From: David A. Greene (greened_at_[hidden])
Date: 2001-11-20 10:24:55
Gennadiy E. Rozental wrote:
>>>you will need somethink like:
>>> new argument( ..., do_this_action_if_present() );
>>>While the same logic could be implemented like this:
>>> if( argument.is_present() )
>>>The second version is also more stable because you now know in
>>>which order events will ocure.
>>Hmm...I prefer the first because things are logically separated
>>(defining what the option keywords are and defining what they do).
> I lost me there. I think vice versa. First version unite 2 think
> while second separate argument identification and parsing from
> argument processing.
What I mean is that there is a section of code that registers the
options, and (possibly several other) sections of code often in
completely separate files that actually implement the actions
if the options are seen. The programmer need not worry about
writing "if (argument.is_present())" because that implicitly
happens when the option parser is invoked. If an option is
given, its action is invoked. There is no centralized option
processing loop in main(). I find this to be a nice separation,
>>We often want to do a lot more than just know if a switch
>>has been set.
> IMHO you will immediately find a bag of problems as soon as start
> mixing 2 things in one bottle. The design should encorage users to
> separate actions.
You lost me. How does variant 1 not encourage this? I guess
I'm being dense. What two things are being mixed? Parsing
and processing? I guess I find those natually interlocked.
Model 1 does not preclude separating them.
> Was the action performd while parsing a command line?
Um...huh? Currently, yeah. This could change, though. See
> What to do if user put arguments in wrong order?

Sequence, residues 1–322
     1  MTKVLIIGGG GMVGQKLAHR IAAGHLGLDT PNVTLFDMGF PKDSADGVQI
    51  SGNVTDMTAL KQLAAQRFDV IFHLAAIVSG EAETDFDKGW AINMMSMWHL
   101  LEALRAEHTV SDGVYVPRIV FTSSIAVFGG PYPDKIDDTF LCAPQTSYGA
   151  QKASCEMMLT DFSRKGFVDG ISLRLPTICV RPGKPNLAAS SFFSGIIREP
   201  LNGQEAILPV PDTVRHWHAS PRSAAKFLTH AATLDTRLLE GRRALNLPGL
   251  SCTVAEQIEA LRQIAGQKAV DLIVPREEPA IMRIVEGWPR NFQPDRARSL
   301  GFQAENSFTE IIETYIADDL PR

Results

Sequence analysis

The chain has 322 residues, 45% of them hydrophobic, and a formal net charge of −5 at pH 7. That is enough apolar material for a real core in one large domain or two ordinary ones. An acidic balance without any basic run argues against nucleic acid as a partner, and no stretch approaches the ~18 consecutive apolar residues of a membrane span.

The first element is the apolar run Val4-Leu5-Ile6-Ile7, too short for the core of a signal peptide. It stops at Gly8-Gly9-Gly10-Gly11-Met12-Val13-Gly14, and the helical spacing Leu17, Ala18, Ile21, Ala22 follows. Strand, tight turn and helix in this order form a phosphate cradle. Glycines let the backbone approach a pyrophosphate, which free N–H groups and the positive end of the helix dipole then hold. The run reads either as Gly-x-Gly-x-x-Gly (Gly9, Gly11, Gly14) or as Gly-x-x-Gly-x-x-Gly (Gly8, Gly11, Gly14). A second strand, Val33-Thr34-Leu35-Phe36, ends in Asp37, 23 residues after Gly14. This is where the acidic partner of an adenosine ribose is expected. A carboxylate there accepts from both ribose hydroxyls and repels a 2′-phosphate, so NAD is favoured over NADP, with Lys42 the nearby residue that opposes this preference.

Well, as I said the convention can be changed. I'm just describing
what I have now, which is what I have experience using. I'm not
claiming it's ideal. It should be realtively straightforward
to parse all the options and then invoke the actions in some
programmer-defined order. The programmer can pass this ordering
to the parser or some other entity.
> Or framework that smart that it will be able to handle any input?
What do you mean by "any input?" Currently it does not support
the myriad of option formats, but that's because I find the
--long_option=value format to be most clear for what I need to do.
> We should not make a very smart (and very complex appropriately)
> components by itself.
It's really not all that complex. It's rather nice in that options
and option trees are the same class. Any option can have a
subtree. Yes, the parsing can get messy, which is why I moved
over to a more formalized framework. It was a convenience _for_me_
and is not necessarily appropriate for everyone. But perhaps
this _is_ an indication that things are too complex. I did manage
to implement it without yacc, however.
> If it possible we could try to place a hook for extentions.
> And everybody could make parser as smart as thay need.
That would be ideal, of course. I'm simply enumerating the
features I am currently using. Any cmdline library that
doesn't handle them is going to be next to useless to me.
But that's ok because I have what I need already. I'm simply
pointing out features that might be useful to others, things
we might want to consider in any design.
Thanks for your input, though. You've given me some things
to think about. :)
-- "Some little people have music in them, but Fats, he was all music, and you know how big he was." -- James P. Johnson
Boost list run by bdawes at acm.org, gregod at cs.rpi.edu, cpdaniel at pacbell.net, john at johnmaddock.co.uk